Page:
My Twitter account tells me I have 1892 "followers" and my Facebook page suggests that I add someone new to my account as a “friend” nearly every day. Despite our modern online age, however, people do not become “friends” (nor loyal "followers") at the push of a button. We start friendships tentatively, with small admissions of fallibility that won’t entirely rip away the costume of the person we’re pretending to be.
“I’m actually shy” I tell an incredulous acquaintance. “The bravado masks it,” I admit, waiting for a reciprocal revelation signaling a common desire to take the relationship in a more intimate direction – one in which I signal my willingness to be trusting and demonstrate my ability to be trusted.
"Me too,” my potential friend might acknowledge. “I’m actually driven by fear. I know I seem confident, but all this apparent success makes me feel like a fraud. Worse, I’m always feeling guilty that I’m not a better, more attentive mother to my children because I’m so busy pursuing my own success. That’s selfish, don’t you think?”
My acquaintance is not only reciprocating our growing intimacy, she is deepening it. I was merely talking about my professional life. She’s now drilled down into her relationship with her children. We are taking baby steps to friendship, testing one another's ability to move beyond our “public” selves and open up the door to our private lives and secret fears. We are putting something of ourselves on the line – something vulnerable and valuable – in the hope that we will have just one person – or one more -- who knows and cares about us “warts and all.”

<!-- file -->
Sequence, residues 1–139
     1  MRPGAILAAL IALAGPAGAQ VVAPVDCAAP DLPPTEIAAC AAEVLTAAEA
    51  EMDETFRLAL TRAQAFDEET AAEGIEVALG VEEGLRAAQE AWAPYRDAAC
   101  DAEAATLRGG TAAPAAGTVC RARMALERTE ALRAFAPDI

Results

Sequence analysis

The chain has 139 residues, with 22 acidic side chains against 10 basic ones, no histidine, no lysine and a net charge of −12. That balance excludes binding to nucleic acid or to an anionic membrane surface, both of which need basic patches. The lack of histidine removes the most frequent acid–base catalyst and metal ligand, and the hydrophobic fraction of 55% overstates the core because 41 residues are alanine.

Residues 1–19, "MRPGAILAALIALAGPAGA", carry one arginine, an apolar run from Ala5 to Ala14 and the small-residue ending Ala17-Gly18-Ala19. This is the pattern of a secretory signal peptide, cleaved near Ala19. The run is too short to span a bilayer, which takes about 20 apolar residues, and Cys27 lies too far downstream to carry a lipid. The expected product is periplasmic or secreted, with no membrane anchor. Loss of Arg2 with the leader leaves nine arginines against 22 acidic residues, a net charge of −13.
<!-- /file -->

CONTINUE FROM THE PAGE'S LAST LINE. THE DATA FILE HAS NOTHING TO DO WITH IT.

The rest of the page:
When you consider how vitally important friends are to our emotional well-being, it’s surprising we don’t have more friendship “owners manuals,” or, for that matter, “friendship counseling.” The book stores are filled with advice manuals for marriages and parenting, but few are the titles advising us on the care and feeding of our friends – people who actually outlast marriages and endure long past the time our children leave home. What happens when friendships go bad and what, if anything, should we be doing to tend our friendship garden?
* * *
I made a new friend in school just a few years ago. Our intimacy was forged in our mutual mid-life career crises at the Straus Institute in Malibu. We’d both decided to earn our Legal Masters degrees in dispute resolution with the intention of becoming mediators. Rod and I became friends for the same set of obvious and mysterious reasons that people fall in love. We were engaged in an activity that threatened to throw our more or less well-ordered lives into turmoil but which engaged both of us deeply; we were surrounded by law students decades younger than we were; we were being taught courses by people who often had much less “real world” experience than we did; and, we were understandably anxious about our decision to throw a couple of perfectly decent occupations out the window.
My friendship with Rod had a honeymoon period just like any romance would. There was that small stretch of time when we searched for and identified everything we had in common, reveling in our compatibility and ignoring the quite obvious differences and potential conflicts that might arise between us. Rod was conservative in dress and manner, for instance, while I was far less restrained. Though not many years older, Rod’s age put him on the “other side” of the profound cultural shifts of the late 1960’s and early 1970’s. I was in high school during the “Summer of Love” and in college when the women’s movement took the country by storm. Rod was already married during those years, raising children while I was raising Cain.
Like the first lover’s quarrel, friendships also have their early disputes. I wasn’t, however, expecting so devastating a breach as the one heading in my direction.